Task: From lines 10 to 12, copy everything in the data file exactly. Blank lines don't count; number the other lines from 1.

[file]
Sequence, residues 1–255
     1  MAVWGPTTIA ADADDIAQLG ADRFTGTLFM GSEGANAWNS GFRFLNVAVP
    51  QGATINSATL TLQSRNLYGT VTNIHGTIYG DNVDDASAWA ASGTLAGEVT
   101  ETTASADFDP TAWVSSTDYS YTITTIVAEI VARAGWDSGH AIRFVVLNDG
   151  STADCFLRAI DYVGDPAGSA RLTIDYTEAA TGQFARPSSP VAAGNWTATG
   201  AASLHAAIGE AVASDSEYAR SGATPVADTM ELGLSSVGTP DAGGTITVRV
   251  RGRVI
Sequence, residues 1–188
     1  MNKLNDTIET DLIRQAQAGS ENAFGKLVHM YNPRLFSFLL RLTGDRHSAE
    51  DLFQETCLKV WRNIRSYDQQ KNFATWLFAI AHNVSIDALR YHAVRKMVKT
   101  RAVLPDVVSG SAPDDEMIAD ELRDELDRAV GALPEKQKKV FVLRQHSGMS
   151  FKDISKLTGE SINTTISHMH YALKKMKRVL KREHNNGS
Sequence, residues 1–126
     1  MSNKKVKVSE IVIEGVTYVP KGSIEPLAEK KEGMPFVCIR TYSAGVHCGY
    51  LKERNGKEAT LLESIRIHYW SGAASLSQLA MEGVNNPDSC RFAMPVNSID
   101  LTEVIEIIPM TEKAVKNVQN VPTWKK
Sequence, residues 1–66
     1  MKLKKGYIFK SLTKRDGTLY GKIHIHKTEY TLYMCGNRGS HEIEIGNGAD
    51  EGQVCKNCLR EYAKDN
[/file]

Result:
    51  DLFQETCLKV WRNIRSYDQQ KNFATWLFAI AHNVSIDALR YHAVRKMVKT
   101  RAVLPDVVSG SAPDDEMIAD ELRDELDRAV GALPEKQKKV FVLRQHSGMS
   151  FKDISKLTGE SINTTISHMH YALKKMKRVL KREHNNGS